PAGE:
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St. Louis thrift stores

St. Louis has a number of good thrift stores. They’re good for saving money, and if you’re looking for collectibles, there’s something more thrilling about finding it in a thrift store than a collectibles shop. Here are my recommendations for St. Louis thrift stores.

Salvation Army

St. Louis thrift stores -Salvation Army

The Salvation Army is still a good place to hunt.

4121 Forest Park Ave., 63108; 2110 Tenbrook Rd., 63010; 3801 Nameoki Rd., 62040; 218 N Illinois St., 62220. The Salvation Army still operates a number of stores in St. Louis. They still act like a thrift store, selling inexpensive goods to support their charitable ventures. Selection varies by location of course, but the selection is more eclectic and prices are much better than at Goodwill. The store on Forest Park Avenue is the largest and tends to have the best selection.

St. Vincent De Paul

3924 Lemay Ferry Rd., 63125; 4928 Christy Blvd., 63116; 10052 W Florissant Ave, 63136. St. Vincent De Paul is another charity store with good prices and a good selection. It’s an especially good place to get a good price on a mattress, as they usually have new, unused mattresses in stock.

Value Village

7400 Natural Bridge Rd., 63121. Value Village used to have a number of locations in St. Louis but has dwindled to a single store in the northern suburbs. I have fond memories of hunting for vintage computer gear at former Value Village locations. The same company that runs Value Village also runs Savers; it seems the company is phasing Savers in, at least in St. Louis.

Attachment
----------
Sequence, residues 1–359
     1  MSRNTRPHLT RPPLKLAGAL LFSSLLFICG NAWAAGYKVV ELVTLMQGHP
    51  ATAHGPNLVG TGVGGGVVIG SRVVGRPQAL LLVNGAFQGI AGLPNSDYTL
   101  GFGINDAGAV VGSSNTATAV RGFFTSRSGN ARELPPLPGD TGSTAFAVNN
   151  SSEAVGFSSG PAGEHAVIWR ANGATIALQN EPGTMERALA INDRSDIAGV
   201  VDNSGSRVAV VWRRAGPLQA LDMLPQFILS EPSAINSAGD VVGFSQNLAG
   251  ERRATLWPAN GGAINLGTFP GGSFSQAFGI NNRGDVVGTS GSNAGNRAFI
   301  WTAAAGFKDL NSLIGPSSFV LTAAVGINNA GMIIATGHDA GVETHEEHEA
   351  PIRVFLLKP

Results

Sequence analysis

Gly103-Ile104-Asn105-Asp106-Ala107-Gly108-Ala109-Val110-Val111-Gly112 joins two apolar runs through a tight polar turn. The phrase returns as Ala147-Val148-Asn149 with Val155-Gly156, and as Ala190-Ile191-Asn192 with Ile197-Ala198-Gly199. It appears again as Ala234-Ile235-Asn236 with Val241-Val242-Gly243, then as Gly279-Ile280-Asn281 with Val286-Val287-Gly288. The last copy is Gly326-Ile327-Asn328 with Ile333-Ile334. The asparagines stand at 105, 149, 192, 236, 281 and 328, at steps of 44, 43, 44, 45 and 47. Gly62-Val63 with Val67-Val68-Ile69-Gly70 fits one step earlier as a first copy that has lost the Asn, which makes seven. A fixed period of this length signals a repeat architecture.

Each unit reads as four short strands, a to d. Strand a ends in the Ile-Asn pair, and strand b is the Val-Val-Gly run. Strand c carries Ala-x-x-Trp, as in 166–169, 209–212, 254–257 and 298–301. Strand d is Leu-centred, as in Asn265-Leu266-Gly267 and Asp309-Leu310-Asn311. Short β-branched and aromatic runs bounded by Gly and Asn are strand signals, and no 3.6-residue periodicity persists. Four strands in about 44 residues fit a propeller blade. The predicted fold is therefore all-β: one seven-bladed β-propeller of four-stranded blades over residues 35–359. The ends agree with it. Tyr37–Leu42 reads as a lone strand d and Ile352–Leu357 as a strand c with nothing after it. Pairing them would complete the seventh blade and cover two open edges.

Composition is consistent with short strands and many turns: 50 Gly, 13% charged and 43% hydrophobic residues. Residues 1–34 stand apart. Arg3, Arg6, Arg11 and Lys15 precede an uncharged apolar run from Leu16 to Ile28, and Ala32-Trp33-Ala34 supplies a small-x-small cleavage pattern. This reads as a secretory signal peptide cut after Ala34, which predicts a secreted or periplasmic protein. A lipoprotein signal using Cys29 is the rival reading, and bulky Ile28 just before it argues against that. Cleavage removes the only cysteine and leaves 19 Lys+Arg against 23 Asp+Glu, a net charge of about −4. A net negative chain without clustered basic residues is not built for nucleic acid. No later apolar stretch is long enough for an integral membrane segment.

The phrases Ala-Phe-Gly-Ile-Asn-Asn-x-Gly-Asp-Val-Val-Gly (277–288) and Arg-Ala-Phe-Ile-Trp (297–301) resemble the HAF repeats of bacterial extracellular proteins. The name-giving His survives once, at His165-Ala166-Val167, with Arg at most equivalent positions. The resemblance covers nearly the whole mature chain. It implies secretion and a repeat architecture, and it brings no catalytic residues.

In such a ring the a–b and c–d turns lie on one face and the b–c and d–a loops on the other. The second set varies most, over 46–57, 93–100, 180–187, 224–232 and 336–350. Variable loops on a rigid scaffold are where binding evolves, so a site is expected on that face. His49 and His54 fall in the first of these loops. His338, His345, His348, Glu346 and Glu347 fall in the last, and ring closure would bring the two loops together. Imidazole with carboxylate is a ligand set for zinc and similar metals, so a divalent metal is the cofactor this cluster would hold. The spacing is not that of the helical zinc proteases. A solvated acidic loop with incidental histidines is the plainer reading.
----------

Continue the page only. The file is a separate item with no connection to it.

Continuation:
Red Racks

11015 Olive Blvd, 63141; 9715 St. Charles Rock Rd., 63114. Red Racks supports disabled veterans, and their stores tend to have a varied selection and good prices on clothes, books, and small appliances. I’ve even seen large appliances here before.

Family Thrift Center

2500 Lemay Ferry Rd., 63125. This is a medium-sized store with a good selection and usually good prices. It’s close enough to St. Vincent De Paul’s south store to be worth a visit.

Feed My People

3295 Ottomeyer Rd., 63049; 171 Kingston Dr., 63125. Feed My People is a local food pantry; the thrift stores help fund its food pantry mission. Prices tend to be very low. The store on Kingston isn’t far from Family Thrift Center and St. Vincent De Paul, so you can hit all three stores in a single trip.


9618 Watson Rd., 63126; 15982 Clayton Rd., 63011; 10899 Lincoln Trail, 62208; 1920 Zumbehl Rd, 63303. Savers is a nationwide chain. Its stores are large and the merchandise is typically clean and organized. The selection of books and clothes is pretty good here and the electronics section is better than average. Prices are a bit higher than many of the other stores.


Various locations. I’m not a fan of Goodwill. Seriously. There was a time when you could find nice stuff at Goodwill. Today you’ll mostly find Target overstock items or the very, very rare mistake. Goodwill spent a lot of money around 10 years ago learning how to sell online, so anything of any value either goes online, or gets priced in the store at a premium price. Nobody can know everything, so you can find things at Goodwill, but you’ll dig more there than anywhere else.

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1 thought on “St. Louis thrift stores”

  1. In Phoenix, Goodwill has largely become like WalMart in terms of becoming a juggernaut. They are expanding at a rapid clip, but have some policies that are good. Most thrifts here have a no-return policy on electronics, but with some things, it’s really a crap shoot (Cameras are extremely difficult to test in the store, same with car audio), but GW has a 7-day return policy for store credit. They also don’t have to charge sales tax (whereas Savers in AZ does have to charge it). GW also has online coupons for use in store, has frequent and varying in-store discounts (no coupon needed), and the Central AZ region doesn’t really buy into the whole “online auction” mentality that seems to have gripped other areas.

    Their prices have gone up, but their facilities are neat, well-organized, and easy to shop quickly.


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